Throwing of banned items in to prisons more than doubles
The number of times banned items were thrown in to prisons in England and Wales has more than doubled in the last two years, the BBC has learnt.
More than 2,000 banned items, including drugs and mobile phones, were thrown in to prisons last year.
An information request also showed 730 knives and blades were found in prisons in the last six months of 2015.
The Ministry of Justice said it "must do more" to tackle the smuggling in and throwing over of contraband.
Banned items were thrown over the walls of prisons 2,151 times in 2015, according to figures released by the Ministry of Justice in response to a freedom of information request.
The figure has more than doubled since 2013 when contraband was recorded as having been thrown over 797 times.
John Attard of the Prison Governors' Association said: "It's not a fluke, people plan, they know the best parts of a wall to throw things over.
"There are all sorts of methods to get things over a prison wall. We've had people putting drugs in dead birds and sending them over with tennis racquets.
"We're talking about thousands of pounds worth of contraband but the criminals that are throwing them over are prepared to lose [part of] that to get some through."
Pentonville prison recorded only 15 incidents of banned items being thrown over its walls in the last year. A resident living near the prison said the figure was not a true reflection of the scale of the problem.
"They've missed off a zero there. In the last year alone, I've seen it a good couple of dozen times myself.
"It tallies with the attitude of the prison. They will not hear reports of this going on. They don't want to know.
"It starts off on a Friday, and can happen all weekend. Around two o'clock in the morning is a favourite time. The prisoners will burn holes [in the perimeter netting] to fish out items that have been thrown in."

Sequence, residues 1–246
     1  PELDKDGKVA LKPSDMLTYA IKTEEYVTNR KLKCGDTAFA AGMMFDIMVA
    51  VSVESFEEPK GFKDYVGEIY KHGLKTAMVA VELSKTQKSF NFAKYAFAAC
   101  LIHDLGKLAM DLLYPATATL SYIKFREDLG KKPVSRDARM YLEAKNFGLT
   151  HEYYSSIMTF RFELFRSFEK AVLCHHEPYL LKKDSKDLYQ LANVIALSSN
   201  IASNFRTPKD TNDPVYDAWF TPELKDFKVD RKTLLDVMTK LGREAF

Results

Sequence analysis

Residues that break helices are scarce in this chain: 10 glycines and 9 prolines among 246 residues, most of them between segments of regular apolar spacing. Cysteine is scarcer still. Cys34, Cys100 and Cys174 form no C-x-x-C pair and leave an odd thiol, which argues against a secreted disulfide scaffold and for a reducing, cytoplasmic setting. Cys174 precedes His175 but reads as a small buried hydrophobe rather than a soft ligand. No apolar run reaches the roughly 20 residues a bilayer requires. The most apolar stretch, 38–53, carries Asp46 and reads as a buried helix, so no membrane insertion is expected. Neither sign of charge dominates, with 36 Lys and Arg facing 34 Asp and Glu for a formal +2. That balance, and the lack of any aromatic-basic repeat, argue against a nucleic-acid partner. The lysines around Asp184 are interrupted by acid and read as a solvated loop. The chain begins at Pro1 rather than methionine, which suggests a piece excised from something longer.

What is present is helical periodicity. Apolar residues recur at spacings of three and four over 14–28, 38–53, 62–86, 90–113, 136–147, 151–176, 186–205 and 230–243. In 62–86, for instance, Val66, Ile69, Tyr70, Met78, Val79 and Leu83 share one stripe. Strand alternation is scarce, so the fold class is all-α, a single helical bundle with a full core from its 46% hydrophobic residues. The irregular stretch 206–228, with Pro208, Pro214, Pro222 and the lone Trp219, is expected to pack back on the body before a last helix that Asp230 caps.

The resident said items were attached to lines, thrown over the wall and pulled through holes in the netting by inmates.
The BBC spoke to one former prisoner who served five years in a number of prisons and wished to remain anonymous.
He said the method is one of the most popular ways of delivering contraband to inmates.
"They get thrown over the wall. If you go to any prison, walk the circumference of that prison, I guarantee you, you will see things hanging in the wires, there will be a parcel of phones hanging in the razor wire.
"How are you supposed to control it? You can't stop it. There's no way of stopping it if everyone's doing it."
He said drugs are often concealed in innocuous items.
"It can get thrown over the wall in tennis balls. They cut the tennis ball, fill them and throw them over. It's quite a military operation. I've seen it happen, balls flying over, people picking them up and they're going to the correct people."
The BBC has obtained photographs of juice cartons, tennis balls and shampoo bottles containing drugs and mobile phones that have been thrown over prison walls.
The Ministry of Justice said it had recently legislated to make smuggling spice into prison illegal.
"Those caught trying to throw packages over prison walls can now face up to two years in jail.
"However we must do more, which is why we are investing £1.3bn to transform the prison estate, to better support rehabilitation and tackle bullying, violence and drugs."
The BBC has also learnt that more than 1,000 weapons were found in prisons in England and Wales in the last six months of 2015.
An information request to the Ministry of Justice also showed that 730 knives or blades were discovered during that period, equivalent to four a day.
A total of 11 firearms were found in 2015, up from one each in both 2013 and 2014, and nine in 2012. This included four replicas, three toys, two homemade and two real firearms.
It comes as MPs warned that prison safety in England and Wales has "deteriorated further" and urgently needs improving.
The former prisoner said weapons were frequently used in prisons.
"There's hidden shanks and knives. You can make [shanks] out of your toothbrush. You melt your toothbrush with your razorblades. Cos you're working in workshops, it's easy to get a bit of metal back."
"I made a stabvest out of magazines so if anyone came from behind they'd be stabbing my midriff, that's normally where you get stabbed".
Juliet Lyon, director of the Prison Reform Trust, said "it's incredibly damaging to have a prison estate that is no longer safe.
"The whole purpose of the prison estate is to hold people safely and securely and to try and release them less likely to offend than when they arrived.
"If people are in a jail that's awash with weapons or where there's a high degree of self-harm and fear, you're not going to get that rehabilitation."
The Ministry of Justice said it was "committed to cracking down on the supply of weapons and other contraband in our prisons".